One could be forgiven for thinking that this entire trip was some sort of extended Christmas morning, with diplomatic relations so focused on the traditional exchange of gifts. Ahead of the tour, the British anxiously realized that their gifts could never monetarily equal what they expected to receive from the Indians. Previously, the East India Company would sell the gifts they had been given to recover costs of the gifts they would give, but the Prince of Wales roundly rejected this proposal. The solution came from then-Viceroy of India, Lord Northbrook, and was not dissimilar to the £5 limit that we often place on “Secret Santa” exchanges, as he asked that Indian rulers should only present “curiosities, ancient arms, and specimens of local manufacture” to the Prince. A ceremonial durbar was not held, and the exchange of gifts customary for those occasions was not made. Whilst none of the gifts given by the Prince of Wales are included in the exhibition, they were similar to those given by the East India Company to Mughal emperors: gold and silver rings, watches, illustrated books, rifles, and medals depicting the Prince himself. However, as with all “Secret Santa” exchanges, there is usually one rogue member of the group who cannot resist sneaking in a gift above the price limit, and clearly the Indian rulers did much the same, broadly interpreting Northbrook’s guidelines so that the Prince of Wales found himself presented with gifts both of extremely high value and historical importance.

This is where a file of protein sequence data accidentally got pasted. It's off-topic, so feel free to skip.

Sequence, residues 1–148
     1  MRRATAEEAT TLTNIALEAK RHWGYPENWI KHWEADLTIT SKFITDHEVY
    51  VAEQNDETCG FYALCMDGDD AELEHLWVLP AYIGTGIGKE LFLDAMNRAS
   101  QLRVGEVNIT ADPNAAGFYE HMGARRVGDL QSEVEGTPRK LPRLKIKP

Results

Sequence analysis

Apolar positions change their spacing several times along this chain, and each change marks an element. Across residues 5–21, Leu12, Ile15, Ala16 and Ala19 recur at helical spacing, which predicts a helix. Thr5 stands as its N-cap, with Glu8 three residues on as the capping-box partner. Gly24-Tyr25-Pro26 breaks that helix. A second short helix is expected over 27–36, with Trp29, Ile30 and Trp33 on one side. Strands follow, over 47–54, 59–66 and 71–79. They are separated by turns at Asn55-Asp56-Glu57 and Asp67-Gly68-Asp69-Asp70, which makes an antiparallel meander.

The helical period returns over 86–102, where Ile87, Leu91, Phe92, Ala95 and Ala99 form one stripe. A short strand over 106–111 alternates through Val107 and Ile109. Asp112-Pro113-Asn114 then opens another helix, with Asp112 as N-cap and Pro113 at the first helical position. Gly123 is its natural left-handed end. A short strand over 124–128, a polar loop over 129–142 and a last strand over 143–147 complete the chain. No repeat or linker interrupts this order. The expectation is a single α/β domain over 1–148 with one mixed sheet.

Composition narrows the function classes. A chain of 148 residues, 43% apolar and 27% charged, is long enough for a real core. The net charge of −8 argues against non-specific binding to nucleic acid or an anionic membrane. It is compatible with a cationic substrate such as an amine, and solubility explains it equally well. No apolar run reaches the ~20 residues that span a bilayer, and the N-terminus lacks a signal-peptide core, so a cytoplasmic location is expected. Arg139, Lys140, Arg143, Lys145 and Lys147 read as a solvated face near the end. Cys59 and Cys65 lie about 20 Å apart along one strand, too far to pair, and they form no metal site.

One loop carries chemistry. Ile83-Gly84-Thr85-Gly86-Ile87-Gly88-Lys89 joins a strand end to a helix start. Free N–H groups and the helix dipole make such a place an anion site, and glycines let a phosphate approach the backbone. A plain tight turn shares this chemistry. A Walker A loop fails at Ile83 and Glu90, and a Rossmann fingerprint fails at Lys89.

Alongside the contributions he was given as part of diplomatic exchange, the Prince of Wales also found time to do some holiday shopping in India. Amongst the glittering gifts of enameled and gem-encrusted jewelry, we also see a remarkably heavy looking gold and ruby bracelet—a gift from the Prince for Queen Victoria’s 57th birthday. Like many tourists today, the Prince tried his hand at bargaining for it with peddlers. The bizarre scene is recounted by the official tour diarist, William Howard Russell, who describes the exchange thus: “There was no more peace, but there was much bargaining for bangles and jewelry.’ The chunky gold bangle, sculpted in the form of the fantastical sea creatures, makaras, is in fact hollow and filled with resin, and one cannot help wondering why the future king of England, hardly short on funds, needed to haggle for his mother’s birthday present.
A complementary exhibition following on from the Prince’s Tour is a stunning display of four centuries of Indian paintings and manuscripts. Whilst less glitzy than the exorbitant gift exchange, this collection is perhaps even more dazzling than the Prince’s souvenirs, featuring works of art and calligraphy that are being displayed to the public for the first time, having never left the imposing shelves of the Royal Library at Windsor Castle before. Although the Royal Collection has one of the finest Indian collections in the U.K. due to the history of imperialism, this is their first attempt to bring together the manuscripts and paintings from the Indian subcontinent, displaying them in the grand royal hallways which otherwise only feature Van Dykes and Rembrandts. The exhibition of the bizarre Hindu Pahari paintings, Queen Victoria’s Hindustani journals, and Mughal masterpieces is truly a treasure trove.